Motor unit discharge rate modulation during isometric contractions to failure is intensity‐ and modality‐dependent

Tamara Valenčič, Paul Ansdell, Callum G. Brownstein, Padraig M. Spillane, Aleš Holobar, Jakob Škarabot*

*Corresponding author for this work

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The physiological mechanisms determining the progressive decline in the maximal muscle torque production capacity during isometric contractions to task failure are known to depend on task demands. Task‐specificity of the associated adjustments in motor unit discharge rate (MUDR), however, remains unclear. This study examined MUDR adjustments during different submaximal isometric knee extension tasks to failure. Participants performed a sustained and an intermittent task at 20% and 50% of maximal voluntary torque (MVT), respectively (Experiment 1). High‐density surface EMG signals were recorded from vastus lateralis (VL) and medialis (VM) and decomposed into individual MU discharge timings, with the identified MUs tracked from recruitment to task failure. MUDR was quantified and normalised to intervals of 10% of contraction time (CT). MUDR of both muscles exhibited distinct modulation patterns in each task. During the 20% MVT sustained task, MUDR decreased until ∼50% CT, after which it gradually returned to baseline. Conversely, during the 50% MVT intermittent task, MUDR remained stable until ∼40–50% CT, after which it started to continually increase until task failure. To explore the effect of contraction intensity on the observed patterns, VL and VM MUDR was quantified during sustained contractions at 30% and 50% MVT (Experiment 2). During the 30% MVT sustained task, MUDR remained stable until ∼80–90% CT in both muscles, after which it continually increased until task failure. During the 50% MVT sustained task the increase in MUDR occurred earlier, after ∼70–80% CT. Our results suggest that adjustments in MUDR during submaximal isometric contractions to failure are contraction modality‐ and intensity‐dependent. imageKey points During prolonged muscle contractions a constant motor output can be maintained by recruitment of additional motor units and adjustments in their discharge rate. Whilst contraction‐induced decrements in neuromuscular function are known to depend on task demands, task‐specificity of motor unit discharge behaviour adjustments is still unclear. In this study, we tracked and compared discharge activity of several concurrently active motor units in the vastii muscles during different submaximal isometric knee extension tasks to failure, including intermittent vs. sustained contraction modalities performed in the same intensity domain (Experiment 1), and two sustained contractions performed at different intensities (Experiment 2). During each task, motor units modulated their discharge rate in a distinct, biphasic manner, with the modulation pattern depending on contraction intensity and modality. These results provide insight into motoneuronal adjustments during contraction tasks posing different demands on the neuromuscular system.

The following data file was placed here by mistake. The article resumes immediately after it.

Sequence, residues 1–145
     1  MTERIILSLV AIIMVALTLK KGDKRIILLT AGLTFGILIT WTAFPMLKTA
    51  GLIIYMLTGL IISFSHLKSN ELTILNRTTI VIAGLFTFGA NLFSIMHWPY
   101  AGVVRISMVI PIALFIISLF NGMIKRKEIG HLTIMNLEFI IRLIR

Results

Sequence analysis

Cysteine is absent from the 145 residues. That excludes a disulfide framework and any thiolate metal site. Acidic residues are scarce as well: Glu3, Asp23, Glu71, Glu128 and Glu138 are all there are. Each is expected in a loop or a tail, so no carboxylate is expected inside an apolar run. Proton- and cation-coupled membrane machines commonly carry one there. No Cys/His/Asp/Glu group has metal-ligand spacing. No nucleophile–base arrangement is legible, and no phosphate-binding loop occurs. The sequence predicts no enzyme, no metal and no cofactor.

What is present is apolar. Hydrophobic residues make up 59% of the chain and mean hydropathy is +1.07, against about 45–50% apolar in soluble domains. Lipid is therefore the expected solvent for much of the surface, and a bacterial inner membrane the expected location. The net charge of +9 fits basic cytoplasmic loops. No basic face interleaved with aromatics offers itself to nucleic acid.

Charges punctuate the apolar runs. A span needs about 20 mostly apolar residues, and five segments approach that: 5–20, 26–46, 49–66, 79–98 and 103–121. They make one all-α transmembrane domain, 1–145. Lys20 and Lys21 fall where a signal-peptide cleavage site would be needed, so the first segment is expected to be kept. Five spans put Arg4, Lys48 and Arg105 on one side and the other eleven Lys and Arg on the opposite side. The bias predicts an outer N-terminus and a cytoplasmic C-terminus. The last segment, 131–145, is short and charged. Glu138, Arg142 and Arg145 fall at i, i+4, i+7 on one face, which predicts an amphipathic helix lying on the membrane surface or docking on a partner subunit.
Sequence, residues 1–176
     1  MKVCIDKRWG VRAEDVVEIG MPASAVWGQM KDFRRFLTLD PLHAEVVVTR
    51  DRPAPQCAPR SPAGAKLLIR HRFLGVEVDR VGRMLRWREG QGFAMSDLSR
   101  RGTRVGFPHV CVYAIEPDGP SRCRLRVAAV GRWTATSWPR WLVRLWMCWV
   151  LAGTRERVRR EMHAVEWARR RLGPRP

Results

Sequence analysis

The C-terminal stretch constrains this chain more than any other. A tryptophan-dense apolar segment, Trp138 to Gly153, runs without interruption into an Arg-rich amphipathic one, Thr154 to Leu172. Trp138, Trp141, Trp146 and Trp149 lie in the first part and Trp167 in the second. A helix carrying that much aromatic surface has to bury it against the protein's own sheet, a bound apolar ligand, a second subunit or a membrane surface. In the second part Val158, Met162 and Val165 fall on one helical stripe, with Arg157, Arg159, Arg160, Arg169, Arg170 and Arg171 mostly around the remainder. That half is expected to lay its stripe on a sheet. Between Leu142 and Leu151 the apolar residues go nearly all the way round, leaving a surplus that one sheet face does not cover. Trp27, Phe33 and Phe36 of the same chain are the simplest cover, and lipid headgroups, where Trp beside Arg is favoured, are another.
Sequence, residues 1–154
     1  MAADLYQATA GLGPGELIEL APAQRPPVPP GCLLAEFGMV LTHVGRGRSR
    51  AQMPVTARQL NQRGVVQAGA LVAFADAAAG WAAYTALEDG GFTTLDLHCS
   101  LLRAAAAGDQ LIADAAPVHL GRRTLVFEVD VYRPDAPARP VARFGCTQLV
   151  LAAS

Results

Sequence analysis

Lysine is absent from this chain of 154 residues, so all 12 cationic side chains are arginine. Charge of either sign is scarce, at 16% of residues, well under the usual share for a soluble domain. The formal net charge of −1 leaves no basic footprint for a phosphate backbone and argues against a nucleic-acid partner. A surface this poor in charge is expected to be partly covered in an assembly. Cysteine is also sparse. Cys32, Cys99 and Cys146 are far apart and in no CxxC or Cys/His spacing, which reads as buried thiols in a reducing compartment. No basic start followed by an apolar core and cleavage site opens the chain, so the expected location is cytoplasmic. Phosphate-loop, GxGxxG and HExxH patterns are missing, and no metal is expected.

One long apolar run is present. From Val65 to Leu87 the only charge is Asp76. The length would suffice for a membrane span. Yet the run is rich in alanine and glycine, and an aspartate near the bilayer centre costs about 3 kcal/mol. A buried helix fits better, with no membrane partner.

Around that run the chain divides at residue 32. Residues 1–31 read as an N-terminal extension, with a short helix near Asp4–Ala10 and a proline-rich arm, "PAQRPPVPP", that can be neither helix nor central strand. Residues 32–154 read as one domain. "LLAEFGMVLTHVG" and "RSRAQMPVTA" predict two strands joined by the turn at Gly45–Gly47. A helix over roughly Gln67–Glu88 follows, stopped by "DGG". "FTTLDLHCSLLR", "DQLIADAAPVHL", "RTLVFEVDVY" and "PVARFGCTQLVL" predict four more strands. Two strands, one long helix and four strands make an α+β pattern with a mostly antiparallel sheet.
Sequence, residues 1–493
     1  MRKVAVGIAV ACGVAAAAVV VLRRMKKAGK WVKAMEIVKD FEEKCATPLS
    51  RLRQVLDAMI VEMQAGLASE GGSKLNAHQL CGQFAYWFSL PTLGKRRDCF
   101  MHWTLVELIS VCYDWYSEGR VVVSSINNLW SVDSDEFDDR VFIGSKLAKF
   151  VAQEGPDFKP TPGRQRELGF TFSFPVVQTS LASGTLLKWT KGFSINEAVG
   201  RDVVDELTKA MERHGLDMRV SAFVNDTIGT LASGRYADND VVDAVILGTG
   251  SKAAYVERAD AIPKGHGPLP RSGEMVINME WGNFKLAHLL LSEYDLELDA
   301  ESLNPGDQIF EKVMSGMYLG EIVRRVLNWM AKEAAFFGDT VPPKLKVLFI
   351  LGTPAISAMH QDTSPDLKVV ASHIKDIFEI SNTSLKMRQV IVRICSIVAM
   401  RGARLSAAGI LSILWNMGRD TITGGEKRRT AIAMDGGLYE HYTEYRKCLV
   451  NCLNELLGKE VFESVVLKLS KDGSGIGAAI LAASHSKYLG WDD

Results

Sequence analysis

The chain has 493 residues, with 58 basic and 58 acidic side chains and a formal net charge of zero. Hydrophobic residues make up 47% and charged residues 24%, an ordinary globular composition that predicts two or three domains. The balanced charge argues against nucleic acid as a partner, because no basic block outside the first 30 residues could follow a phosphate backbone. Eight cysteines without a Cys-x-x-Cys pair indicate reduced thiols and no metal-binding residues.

Original languageEnglish
Pages (from-to)1-28
Number of pages28
JournalThe Journal of Physiology
Early online date15 Apr 2024
Publication statusE-pub ahead of print - 15 Apr 2024

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